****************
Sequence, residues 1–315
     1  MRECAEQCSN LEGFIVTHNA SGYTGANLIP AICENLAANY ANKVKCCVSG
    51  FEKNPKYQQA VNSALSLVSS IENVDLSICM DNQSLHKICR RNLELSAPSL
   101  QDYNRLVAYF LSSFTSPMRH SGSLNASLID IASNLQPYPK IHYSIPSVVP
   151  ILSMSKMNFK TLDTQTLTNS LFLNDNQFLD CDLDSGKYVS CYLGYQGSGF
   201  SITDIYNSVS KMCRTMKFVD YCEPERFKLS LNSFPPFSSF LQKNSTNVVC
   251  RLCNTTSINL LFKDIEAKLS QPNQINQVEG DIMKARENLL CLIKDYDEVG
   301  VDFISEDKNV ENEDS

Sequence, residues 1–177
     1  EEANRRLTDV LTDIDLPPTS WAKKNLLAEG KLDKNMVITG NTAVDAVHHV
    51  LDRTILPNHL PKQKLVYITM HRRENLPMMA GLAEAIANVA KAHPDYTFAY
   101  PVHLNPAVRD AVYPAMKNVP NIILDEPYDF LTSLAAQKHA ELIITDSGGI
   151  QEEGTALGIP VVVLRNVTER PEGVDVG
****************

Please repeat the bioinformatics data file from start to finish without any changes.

Sequence, residues 1–315
     1  MRECAEQCSN LEGFIVTHNA SGYTGANLIP AICENLAANY ANKVKCCVSG
    51  FEKNPKYQQA VNSALSLVSS IENVDLSICM DNQSLHKICR RNLELSAPSL
   101  QDYNRLVAYF LSSFTSPMRH SGSLNASLID IASNLQPYPK IHYSIPSVVP
   151  ILSMSKMNFK TLDTQTLTNS LFLNDNQFLD CDLDSGKYVS CYLGYQGSGF
   201  SITDIYNSVS KMCRTMKFVD YCEPERFKLS LNSFPPFSSF LQKNSTNVVC
   251  RLCNTTSINL LFKDIEAKLS QPNQINQVEG DIMKARENLL CLIKDYDEVG
   301  VDFISEDKNV ENEDS

Sequence, residues 1–177
     1  EEANRRLTDV LTDIDLPPTS WAKKNLLAEG KLDKNMVITG NTAVDAVHHV
    51  LDRTILPNHL PKQKLVYITM HRRENLPMMA GLAEAIANVA KAHPDYTFAY
   101  PVHLNPAVRD AVYPAMKNVP NIILDEPYDF LTSLAAQKHA ELIITDSGGI
   151  QEEGTALGIP VVVLRNVTER PEGVDVG